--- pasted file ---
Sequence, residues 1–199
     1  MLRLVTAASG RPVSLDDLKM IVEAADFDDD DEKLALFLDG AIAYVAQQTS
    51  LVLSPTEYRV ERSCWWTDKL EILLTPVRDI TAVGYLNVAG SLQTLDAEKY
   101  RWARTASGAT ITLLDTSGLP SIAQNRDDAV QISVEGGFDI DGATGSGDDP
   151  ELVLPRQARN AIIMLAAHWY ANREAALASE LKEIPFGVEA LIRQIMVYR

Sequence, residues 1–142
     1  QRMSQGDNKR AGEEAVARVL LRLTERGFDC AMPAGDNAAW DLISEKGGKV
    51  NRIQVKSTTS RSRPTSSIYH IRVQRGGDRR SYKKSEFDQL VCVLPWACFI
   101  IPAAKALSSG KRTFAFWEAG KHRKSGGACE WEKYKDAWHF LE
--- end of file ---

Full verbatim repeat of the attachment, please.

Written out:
Sequence, residues 1–199
     1  MLRLVTAASG RPVSLDDLKM IVEAADFDDD DEKLALFLDG AIAYVAQQTS
    51  LVLSPTEYRV ERSCWWTDKL EILLTPVRDI TAVGYLNVAG SLQTLDAEKY
   101  RWARTASGAT ITLLDTSGLP SIAQNRDDAV QISVEGGFDI DGATGSGDDP
   151  ELVLPRQARN AIIMLAAHWY ANREAALASE LKEIPFGVEA LIRQIMVYR

Sequence, residues 1–142
     1  QRMSQGDNKR AGEEAVARVL LRLTERGFDC AMPAGDNAAW DLISEKGGKV
    51  NRIQVKSTTS RSRPTSSIYH IRVQRGGDRR SYKKSEFDQL VCVLPWACFI
   101  IPAAKALSSG KRTFAFWEAG KHRKSGGACE WEKYKDAWHF LE